10. Silver Sharpie - To draw the constellations
11. Scrap Cardboard - To provide a spacer between the wall and the picture when you hang it up. I used the box my LED's came in.
12. OPTIONAL - Router - to make a clean border.
Step 2: Get Your Image Transferred.
There are a ton of different ways to transfer your image onto your board. Some people like to do wax paper transfer, some people have projectors, and some people have fancy CNC mills that do all the cutting. I went low-tech.
1. Print the MIRROR IMAGE and tape it to the BACK of the board. It's the PDF attached to this instructable that's BLUE. Take your time and get all the pages centered, aligned, and taped down. The more care you put into this step, the better the result. Use a lot of tape to hold everything in place.
2. Carefully drill TWO or THREE of the major stars. Cut right through the paper. These will be your anchor points for the next step. You need to do at least 2 (ideally 3) to give yourself enough reference when you flip the board over and start cutting from the front.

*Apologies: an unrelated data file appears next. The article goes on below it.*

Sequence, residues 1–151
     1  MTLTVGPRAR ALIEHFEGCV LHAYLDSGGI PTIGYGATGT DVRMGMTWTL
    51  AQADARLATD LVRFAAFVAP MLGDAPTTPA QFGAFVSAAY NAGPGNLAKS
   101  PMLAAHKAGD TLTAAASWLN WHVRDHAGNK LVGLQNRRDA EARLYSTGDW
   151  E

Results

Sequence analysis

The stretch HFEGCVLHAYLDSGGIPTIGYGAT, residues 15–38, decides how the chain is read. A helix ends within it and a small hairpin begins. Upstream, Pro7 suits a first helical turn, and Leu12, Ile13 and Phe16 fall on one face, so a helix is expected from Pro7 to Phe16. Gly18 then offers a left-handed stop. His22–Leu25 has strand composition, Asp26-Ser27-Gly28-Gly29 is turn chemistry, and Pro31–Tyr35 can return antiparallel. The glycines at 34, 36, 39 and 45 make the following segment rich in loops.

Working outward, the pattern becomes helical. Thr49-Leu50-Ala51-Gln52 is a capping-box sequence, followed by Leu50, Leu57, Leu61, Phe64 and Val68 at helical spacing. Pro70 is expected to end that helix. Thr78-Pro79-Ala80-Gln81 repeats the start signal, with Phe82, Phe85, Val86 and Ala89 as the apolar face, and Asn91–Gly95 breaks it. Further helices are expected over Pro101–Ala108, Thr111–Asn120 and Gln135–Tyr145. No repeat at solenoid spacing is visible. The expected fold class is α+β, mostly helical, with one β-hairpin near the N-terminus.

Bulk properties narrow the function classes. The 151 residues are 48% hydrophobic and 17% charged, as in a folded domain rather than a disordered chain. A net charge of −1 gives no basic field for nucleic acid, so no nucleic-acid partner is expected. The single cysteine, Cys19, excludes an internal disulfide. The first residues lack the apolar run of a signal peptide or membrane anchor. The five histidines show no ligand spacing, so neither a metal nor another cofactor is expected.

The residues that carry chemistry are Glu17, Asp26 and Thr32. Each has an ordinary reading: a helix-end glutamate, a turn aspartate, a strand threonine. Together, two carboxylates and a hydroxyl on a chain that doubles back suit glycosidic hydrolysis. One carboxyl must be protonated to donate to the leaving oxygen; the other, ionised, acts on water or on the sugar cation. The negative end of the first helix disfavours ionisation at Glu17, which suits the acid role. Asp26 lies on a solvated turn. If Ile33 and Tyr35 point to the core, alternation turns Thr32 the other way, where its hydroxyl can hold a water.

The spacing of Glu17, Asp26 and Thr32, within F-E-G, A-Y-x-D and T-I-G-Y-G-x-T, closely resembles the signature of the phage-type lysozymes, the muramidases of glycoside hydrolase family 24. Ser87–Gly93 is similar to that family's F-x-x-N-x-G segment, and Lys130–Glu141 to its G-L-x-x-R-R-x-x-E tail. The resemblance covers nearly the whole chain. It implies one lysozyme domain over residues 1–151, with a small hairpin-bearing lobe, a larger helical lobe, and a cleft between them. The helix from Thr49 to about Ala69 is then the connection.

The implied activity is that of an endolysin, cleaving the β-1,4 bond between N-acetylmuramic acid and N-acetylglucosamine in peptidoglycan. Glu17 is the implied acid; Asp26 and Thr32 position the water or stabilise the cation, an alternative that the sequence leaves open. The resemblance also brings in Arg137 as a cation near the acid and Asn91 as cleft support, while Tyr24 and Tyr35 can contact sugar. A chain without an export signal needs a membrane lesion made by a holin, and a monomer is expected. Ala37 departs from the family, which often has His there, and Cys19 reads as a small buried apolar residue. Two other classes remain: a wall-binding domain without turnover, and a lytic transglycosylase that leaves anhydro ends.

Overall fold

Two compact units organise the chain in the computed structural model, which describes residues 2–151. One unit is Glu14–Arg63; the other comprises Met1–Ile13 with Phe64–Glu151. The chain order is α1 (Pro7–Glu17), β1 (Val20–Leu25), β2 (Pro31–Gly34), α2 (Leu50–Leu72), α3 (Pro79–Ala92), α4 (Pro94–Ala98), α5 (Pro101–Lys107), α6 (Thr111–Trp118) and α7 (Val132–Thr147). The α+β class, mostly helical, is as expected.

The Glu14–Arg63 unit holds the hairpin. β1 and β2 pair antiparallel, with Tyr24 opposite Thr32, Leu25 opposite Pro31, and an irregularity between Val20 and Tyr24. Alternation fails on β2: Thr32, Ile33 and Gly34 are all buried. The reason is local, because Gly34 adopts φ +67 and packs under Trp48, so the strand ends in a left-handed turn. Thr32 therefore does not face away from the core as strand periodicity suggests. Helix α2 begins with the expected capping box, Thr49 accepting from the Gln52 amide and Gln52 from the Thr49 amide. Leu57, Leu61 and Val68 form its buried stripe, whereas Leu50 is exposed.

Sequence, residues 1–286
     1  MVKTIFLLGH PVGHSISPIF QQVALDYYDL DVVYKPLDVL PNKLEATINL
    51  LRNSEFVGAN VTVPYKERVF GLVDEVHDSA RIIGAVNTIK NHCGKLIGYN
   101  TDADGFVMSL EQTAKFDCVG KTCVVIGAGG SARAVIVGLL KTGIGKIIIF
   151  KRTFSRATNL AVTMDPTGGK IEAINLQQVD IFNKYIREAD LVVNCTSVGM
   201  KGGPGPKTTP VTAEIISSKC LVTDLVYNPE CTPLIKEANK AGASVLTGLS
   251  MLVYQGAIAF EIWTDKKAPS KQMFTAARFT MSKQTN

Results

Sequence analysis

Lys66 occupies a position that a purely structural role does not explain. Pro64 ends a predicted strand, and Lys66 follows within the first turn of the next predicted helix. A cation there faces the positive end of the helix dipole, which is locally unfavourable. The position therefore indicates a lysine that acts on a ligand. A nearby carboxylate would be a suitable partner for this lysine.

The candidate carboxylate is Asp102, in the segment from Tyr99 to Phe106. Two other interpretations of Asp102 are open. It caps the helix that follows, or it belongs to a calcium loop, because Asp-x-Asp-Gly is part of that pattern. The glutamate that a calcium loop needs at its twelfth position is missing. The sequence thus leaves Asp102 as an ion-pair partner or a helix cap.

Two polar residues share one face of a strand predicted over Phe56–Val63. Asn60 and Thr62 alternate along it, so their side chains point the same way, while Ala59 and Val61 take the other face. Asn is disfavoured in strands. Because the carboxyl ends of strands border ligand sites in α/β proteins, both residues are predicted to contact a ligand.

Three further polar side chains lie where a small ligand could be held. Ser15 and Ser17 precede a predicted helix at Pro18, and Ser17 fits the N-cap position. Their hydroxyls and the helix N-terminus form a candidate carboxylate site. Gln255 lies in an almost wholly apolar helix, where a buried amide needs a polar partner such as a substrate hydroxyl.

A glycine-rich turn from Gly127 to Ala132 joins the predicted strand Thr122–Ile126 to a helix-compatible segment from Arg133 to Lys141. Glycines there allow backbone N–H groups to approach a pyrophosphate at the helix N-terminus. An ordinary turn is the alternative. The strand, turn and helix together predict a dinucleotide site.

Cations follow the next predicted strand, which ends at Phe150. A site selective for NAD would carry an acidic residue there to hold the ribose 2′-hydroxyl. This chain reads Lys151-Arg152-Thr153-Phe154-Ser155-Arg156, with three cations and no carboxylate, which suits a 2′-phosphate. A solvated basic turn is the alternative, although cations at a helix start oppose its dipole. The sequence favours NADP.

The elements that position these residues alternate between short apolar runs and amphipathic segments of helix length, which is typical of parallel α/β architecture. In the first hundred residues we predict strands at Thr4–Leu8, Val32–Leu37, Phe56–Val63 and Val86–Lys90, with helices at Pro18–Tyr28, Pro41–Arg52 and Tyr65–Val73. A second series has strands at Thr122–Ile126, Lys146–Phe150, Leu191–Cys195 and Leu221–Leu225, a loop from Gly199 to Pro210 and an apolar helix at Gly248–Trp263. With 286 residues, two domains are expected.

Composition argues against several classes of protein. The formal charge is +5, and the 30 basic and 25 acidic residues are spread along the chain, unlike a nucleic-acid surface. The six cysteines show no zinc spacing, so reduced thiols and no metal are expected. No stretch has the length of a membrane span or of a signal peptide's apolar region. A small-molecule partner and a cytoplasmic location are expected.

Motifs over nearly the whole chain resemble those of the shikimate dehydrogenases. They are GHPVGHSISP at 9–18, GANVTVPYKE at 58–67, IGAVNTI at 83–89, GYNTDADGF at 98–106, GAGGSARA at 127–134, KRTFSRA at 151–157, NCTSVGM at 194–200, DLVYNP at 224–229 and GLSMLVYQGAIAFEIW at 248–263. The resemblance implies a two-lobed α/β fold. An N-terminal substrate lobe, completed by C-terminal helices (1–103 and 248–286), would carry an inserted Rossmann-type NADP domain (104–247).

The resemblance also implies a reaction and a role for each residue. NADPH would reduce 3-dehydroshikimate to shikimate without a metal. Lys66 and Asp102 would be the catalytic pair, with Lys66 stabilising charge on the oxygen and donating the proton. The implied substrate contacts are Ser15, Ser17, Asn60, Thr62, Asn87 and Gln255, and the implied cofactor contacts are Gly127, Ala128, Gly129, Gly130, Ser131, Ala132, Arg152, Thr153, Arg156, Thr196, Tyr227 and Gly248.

NOTE - you could drill all the stars from back-to-front at this time... but I found it tears up the finish, so I did as few as possible to minimize the amount of sanding and painting I'd have to do later.
3. When you're done drilling your 20-30 holes, flip the board over.
Step 3: Cut the Rest of the Stars.
So now your board has about 2 dozen big holes in it. Perfect.
1. Now print off the Star Chart PDF that's BLACK. This should look a lot like the original Apollo 11 chart (i.e. you can read it and it's not a mirror image).
2. Using the holes you drilled from the front, align each page, tape it down, and drill the rest of the holes. Lots of tape helps keep the paper from balling up around your drill bit. Use different size bits for the different sizes/brightnesses. You only have to tape one page at a time, since you were so careful with your alignment on the last step.
3. When you're done drilling, all the major stars should be on your board!
Step 4: Optional - Cut Borders and Reference Lines